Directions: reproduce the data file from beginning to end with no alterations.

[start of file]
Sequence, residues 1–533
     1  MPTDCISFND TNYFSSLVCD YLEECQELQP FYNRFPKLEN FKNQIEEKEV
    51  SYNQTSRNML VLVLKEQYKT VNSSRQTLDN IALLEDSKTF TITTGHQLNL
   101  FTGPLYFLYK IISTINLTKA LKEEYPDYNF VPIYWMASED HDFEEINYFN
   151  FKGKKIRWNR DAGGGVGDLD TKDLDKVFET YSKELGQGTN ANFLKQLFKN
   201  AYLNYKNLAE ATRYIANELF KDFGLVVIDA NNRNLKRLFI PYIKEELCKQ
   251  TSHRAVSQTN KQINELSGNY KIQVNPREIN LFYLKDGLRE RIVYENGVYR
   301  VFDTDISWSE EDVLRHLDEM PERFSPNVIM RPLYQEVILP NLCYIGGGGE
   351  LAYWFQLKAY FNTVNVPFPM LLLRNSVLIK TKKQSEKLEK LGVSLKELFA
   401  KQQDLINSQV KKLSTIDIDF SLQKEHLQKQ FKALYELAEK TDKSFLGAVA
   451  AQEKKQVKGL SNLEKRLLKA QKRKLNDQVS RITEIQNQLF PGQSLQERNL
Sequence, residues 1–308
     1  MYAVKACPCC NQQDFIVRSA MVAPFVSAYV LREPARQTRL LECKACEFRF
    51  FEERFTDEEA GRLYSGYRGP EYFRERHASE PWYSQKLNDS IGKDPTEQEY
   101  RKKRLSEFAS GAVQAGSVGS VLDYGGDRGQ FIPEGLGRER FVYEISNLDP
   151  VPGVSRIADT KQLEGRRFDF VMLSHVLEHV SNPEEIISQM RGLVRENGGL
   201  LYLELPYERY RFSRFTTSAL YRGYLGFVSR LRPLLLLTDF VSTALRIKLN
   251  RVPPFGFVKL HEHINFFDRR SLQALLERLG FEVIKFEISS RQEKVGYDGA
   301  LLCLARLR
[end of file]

Sequence, residues 1–533
     1  MPTDCISFND TNYFSSLVCD YLEECQELQP FYNRFPKLEN FKNQIEEKEV
    51  SYNQTSRNML VLVLKEQYKT VNSSRQTLDN IALLEDSKTF TITTGHQLNL
   101  FTGPLYFLYK IISTINLTKA LKEEYPDYNF VPIYWMASED HDFEEINYFN
   151  FKGKKIRWNR DAGGGVGDLD TKDLDKVFET YSKELGQGTN ANFLKQLFKN
   201  AYLNYKNLAE ATRYIANELF KDFGLVVIDA NNRNLKRLFI PYIKEELCKQ
   251  TSHRAVSQTN KQINELSGNY KIQVNPREIN LFYLKDGLRE RIVYENGVYR
   301  VFDTDISWSE EDVLRHLDEM PERFSPNVIM RPLYQEVILP NLCYIGGGGE
   351  LAYWFQLKAY FNTVNVPFPM LLLRNSVLIK TKKQSEKLEK LGVSLKELFA
   401  KQQDLINSQV KKLSTIDIDF SLQKEHLQKQ FKALYELAEK TDKSFLGAVA
   451  AQEKKQVKGL SNLEKRLLKA QKRKLNDQVS RITEIQNQLF PGQSLQERNL
Sequence, residues 1–308
     1  MYAVKACPCC NQQDFIVRSA MVAPFVSAYV LREPARQTRL LECKACEFRF
    51  FEERFTDEEA GRLYSGYRGP EYFRERHASE PWYSQKLNDS IGKDPTEQEY
   101  RKKRLSEFAS GAVQAGSVGS VLDYGGDRGQ FIPEGLGRER FVYEISNLDP
   151  VPGVSRIADT KQLEGRRFDF VMLSHVLEHV SNPEEIISQM RGLVRENGGL
   201  LYLELPYERY RFSRFTTSAL YRGYLGFVSR LRPLLLLTDF VSTALRIKLN
   251  RVPPFGFVKL HEHINFFDRR SLQALLERLG FEVIKFEISS RQEKVGYDGA
   301  LLCLARLR